Radiopharmacy facility


It is of importance to have a distinct separation between radiopharmaceutical preparation (aseptic processing) and blood cell labelling. This is to minimize the risk of cross-contamination in the facility. Restricted access is imperative from both a radiation security and pharmaceutical manufacturing point of view. The design of a radiopharmacy should take into account daily operational protocols, proper utilization of available space, and provisions for future growth. For radioprotection, the production area should be at negative pressure relative to the outside area (containment of gaseous or aerosol discharge), while pharmaceutical aseptic units are at positive pressure to minimize ingress of microbes. The compromise is a negative pressure isolator within a positive pressure room. From a pharmaceutical point of view, there should be a minimum number of trained staff, whereas for radioprotection there should be a rotation of staff to share the radiation dose.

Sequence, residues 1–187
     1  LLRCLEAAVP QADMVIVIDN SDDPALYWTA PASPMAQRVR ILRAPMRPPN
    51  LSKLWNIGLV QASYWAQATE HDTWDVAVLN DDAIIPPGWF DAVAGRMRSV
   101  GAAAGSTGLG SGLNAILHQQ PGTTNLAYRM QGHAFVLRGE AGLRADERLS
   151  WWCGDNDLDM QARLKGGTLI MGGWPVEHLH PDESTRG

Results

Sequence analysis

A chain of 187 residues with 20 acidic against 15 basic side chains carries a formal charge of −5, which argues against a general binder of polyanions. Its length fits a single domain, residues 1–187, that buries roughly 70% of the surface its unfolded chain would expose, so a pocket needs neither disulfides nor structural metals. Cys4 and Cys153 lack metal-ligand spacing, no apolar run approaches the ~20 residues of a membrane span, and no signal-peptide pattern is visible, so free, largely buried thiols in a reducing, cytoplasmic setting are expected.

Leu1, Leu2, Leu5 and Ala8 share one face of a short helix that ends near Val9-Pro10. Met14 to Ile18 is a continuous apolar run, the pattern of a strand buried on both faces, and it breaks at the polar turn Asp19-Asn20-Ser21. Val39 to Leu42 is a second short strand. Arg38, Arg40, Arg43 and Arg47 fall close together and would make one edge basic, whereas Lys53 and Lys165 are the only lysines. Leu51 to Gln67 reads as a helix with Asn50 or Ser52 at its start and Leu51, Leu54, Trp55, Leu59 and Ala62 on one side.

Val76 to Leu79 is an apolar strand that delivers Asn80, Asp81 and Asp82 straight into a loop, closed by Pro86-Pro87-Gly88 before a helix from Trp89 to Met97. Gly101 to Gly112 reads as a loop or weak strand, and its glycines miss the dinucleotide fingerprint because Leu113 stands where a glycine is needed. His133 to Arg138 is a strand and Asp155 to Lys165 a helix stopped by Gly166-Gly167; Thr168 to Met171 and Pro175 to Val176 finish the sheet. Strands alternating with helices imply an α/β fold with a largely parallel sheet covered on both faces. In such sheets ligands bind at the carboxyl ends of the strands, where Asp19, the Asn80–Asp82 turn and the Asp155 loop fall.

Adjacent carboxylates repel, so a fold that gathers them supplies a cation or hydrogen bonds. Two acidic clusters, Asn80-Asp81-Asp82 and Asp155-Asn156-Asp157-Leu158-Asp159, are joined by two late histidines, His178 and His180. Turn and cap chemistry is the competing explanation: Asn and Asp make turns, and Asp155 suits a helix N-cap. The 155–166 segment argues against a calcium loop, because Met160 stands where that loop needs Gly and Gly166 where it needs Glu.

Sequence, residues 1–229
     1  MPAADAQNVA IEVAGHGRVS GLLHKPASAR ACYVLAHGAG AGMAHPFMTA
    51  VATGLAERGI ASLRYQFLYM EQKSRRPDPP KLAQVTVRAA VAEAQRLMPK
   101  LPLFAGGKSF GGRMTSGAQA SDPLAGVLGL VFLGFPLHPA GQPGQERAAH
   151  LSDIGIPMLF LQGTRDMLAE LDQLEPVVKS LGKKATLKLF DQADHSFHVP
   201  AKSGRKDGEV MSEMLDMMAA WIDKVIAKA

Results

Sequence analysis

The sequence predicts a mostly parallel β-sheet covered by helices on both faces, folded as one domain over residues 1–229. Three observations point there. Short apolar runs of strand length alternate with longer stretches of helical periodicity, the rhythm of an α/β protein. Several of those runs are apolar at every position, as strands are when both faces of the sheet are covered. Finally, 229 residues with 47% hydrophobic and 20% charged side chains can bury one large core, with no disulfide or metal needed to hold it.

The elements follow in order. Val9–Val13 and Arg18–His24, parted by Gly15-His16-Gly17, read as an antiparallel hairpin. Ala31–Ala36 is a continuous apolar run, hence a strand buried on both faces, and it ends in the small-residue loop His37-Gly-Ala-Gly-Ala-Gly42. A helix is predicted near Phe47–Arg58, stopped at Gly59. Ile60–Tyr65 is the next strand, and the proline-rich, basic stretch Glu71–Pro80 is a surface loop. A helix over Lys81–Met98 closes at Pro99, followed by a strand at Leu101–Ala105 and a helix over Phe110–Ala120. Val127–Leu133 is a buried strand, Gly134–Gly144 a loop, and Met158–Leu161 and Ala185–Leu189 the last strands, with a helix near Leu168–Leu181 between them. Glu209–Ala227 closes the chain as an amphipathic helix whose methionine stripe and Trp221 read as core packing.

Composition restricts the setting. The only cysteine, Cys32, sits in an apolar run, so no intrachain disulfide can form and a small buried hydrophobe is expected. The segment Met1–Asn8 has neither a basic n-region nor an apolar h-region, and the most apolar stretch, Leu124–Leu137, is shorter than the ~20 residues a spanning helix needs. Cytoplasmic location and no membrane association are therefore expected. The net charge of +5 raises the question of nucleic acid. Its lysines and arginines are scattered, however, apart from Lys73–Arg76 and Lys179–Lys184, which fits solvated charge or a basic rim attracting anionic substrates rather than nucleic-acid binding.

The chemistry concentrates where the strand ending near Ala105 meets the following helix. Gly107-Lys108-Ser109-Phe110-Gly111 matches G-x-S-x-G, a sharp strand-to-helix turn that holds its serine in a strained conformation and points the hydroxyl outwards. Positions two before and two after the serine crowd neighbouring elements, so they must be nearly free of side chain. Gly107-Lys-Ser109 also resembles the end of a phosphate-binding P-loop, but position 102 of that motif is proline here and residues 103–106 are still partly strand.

The clean areas should be lined (floor, walls, and ceiling) with a smooth, continuous, impervious, non-absorbent, cleanable material such as welded sheet vinyl. Corners should be coved (curved) to minimize dirt collection. Light fixtures should be recessed and flush with the surface. Benches must be made of impervious material (solid is preferred over laminate) and may require additional support for lead shielding.

There should be transfer hatches with reliable interlocking doors so supplies can be sanitized and passed into the next room without allowing direct contact to maintain the integrity of products and processes.

Cleanroom Transfer Hatch

 Entry/change rooms should have interlocking doors and a physical barrier, or at least a line on the floor, to demarcate the two sides. Changing on entry will involve, at a minimum: clean low-lint lab coat, shoe covers, hair cover, and gloves.




LAF unit for "Tcm and 113Inm generators

LAF unit for blood cell labelling

Glove box or fume hood for handling 131I for therapy


Oven to dry and sterilize glassware

Autoclave (small but with program for liquids, if automated)

Lead bricks for shielding generators

Lead pots

Lead shielding for syringes

Lead-glass for use when inspecting products


Water bath (small - up to 100°C)

Semi-micro balance

Trays for handling radioactivity


Membrane filter

Laboratory glassware

Equipment for thin-layer chromatography

Equipment for sterility testing

Contamination monitor

Temperature recording device

Dose calibrator or similar ionization chamber type instrument

Well gamma counter